Her latest single, Hit The Back, is a seductive queer anthem - "the anthem for bottoms everywhere," she described it on social media as she teased its release - and it's another slice of King Princess' brilliance, balancing her expert songwriting with off-kilter lyricism that's become an attraction of King Princess over the last few years: "And I need you to be my motor/And run me ’til I can’t go further," she sings in its first verse. "Ain’t I the best you had?" Cheap Queen is out October 25th.
George Maple - Superhuman
After the release of her long-winding, sound-rich debut album Lover, it kind of felt like George Maple had explored all her facets as a musician. Arriving three years since her dizzying welcome to Australian pop, the record's long duration meant that George Maple was able to flesh out a collection of sounds - her anthemic pop side; her hip-hop roots; tender ballads and the list goes on - so much so that her future felt uncertain - we knew that she would continue to grow and mould into an Australian pop force, but we weren't exactly sure what sounds she'd use to do that (which, to be honest, is a good thing - it keeps us on our toes).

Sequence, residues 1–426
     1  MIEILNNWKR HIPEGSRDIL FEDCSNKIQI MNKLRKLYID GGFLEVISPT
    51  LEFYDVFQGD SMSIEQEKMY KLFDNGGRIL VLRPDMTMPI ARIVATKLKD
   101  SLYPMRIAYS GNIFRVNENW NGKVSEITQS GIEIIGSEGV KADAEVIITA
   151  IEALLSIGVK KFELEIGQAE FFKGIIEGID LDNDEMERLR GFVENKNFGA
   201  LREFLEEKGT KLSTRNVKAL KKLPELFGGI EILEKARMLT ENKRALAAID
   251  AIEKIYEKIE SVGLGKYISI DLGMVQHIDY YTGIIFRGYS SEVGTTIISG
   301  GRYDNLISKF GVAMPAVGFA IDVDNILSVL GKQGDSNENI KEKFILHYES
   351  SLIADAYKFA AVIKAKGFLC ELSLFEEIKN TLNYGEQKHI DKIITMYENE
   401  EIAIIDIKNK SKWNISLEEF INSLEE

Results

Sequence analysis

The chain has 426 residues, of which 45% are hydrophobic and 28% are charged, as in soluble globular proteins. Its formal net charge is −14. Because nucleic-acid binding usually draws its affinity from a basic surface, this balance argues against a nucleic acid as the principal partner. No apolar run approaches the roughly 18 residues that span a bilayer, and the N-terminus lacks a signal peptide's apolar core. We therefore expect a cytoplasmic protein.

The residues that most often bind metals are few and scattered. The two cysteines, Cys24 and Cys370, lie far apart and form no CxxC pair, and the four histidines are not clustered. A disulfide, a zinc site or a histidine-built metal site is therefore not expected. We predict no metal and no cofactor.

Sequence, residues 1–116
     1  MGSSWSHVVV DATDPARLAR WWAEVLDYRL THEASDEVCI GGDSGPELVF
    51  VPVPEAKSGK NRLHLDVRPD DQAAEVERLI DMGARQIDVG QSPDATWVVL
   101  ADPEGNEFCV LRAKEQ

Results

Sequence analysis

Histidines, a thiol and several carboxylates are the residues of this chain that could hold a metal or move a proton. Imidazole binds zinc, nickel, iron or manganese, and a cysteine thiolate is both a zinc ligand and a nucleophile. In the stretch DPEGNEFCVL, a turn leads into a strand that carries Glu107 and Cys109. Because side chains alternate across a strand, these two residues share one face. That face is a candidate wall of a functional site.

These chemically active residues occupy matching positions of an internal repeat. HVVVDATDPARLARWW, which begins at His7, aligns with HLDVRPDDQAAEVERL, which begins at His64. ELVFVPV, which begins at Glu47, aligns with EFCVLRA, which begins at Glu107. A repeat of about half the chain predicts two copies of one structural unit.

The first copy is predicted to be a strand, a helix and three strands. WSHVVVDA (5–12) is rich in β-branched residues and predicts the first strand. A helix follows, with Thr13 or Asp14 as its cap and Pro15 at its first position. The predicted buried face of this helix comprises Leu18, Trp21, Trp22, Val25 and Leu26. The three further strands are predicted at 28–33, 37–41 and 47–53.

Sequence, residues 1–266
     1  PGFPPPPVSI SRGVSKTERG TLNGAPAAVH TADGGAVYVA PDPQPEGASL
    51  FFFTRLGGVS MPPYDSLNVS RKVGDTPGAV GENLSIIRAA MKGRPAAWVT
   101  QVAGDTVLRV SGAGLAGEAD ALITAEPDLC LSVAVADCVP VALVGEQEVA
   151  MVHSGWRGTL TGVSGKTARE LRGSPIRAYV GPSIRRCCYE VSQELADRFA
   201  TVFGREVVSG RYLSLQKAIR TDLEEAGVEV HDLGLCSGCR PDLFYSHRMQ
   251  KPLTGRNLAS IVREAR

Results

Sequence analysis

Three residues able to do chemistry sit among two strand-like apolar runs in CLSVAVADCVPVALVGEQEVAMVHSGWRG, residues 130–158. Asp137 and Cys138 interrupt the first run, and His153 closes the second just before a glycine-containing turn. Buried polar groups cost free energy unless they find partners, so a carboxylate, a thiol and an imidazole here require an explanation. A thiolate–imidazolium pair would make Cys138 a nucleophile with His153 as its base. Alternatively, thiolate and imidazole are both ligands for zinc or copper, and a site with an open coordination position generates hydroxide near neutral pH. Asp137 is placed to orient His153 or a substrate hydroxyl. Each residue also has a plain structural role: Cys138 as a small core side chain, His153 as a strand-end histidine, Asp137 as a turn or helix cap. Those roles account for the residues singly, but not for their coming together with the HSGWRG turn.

As it turns out, she's going for the empowering pop route, as displayed through two singles thus far which pair George Maple's catchy hooks and shimmering soundscapes with powerful, commanding lyricism: Champion and Magic Woman. Her latest single, Superhuman, is another. It's infectious and addictive, taking a southern US house beat and flipping it on its head for a punchy affair that reinforces Maple's uplifting cry; this time, about letting your flag fly and being yourself: "This song is basically a reflection of where I'm at in my life at the moment," she says. "It's about new romance and being open to new opportunities. Let your super-freak flag fly."
Angie McMahon - Take It With Me
If there's one thing we've learnt from 2019, it's that Angie McMahon is capable of making us cry - again, and again, and again. Her debut album, this year's Salt, is rich with potent emotion and masterful songwriting that amplifies it; tender, guitar-backed ballads brimming with this powerful punch - And I Am A Woman, for example, is one of this year's most powerful tracks to-date - that sets the album apart from the rest, encompassing McMahon's growth through dizzying singles over the last two years while also looking forward.
Her latest release, Take It With Me, isn't exactly a new single. It's her first piece of work since Salt, but it's a cover of Tom Waits' single of the same name, to be released as a part of a greater package that features female musicians - Corinne Bailey Rae another act on the compilation - covering long-time Tom Waits favourites. Angie's cover of Take It With Me, as expected from a songwriter like McMahon, is lush with this longing emotion that's come to define her debut album, pinpointing the moments of richness in the original and fleshing them out into a slow-burning work of art.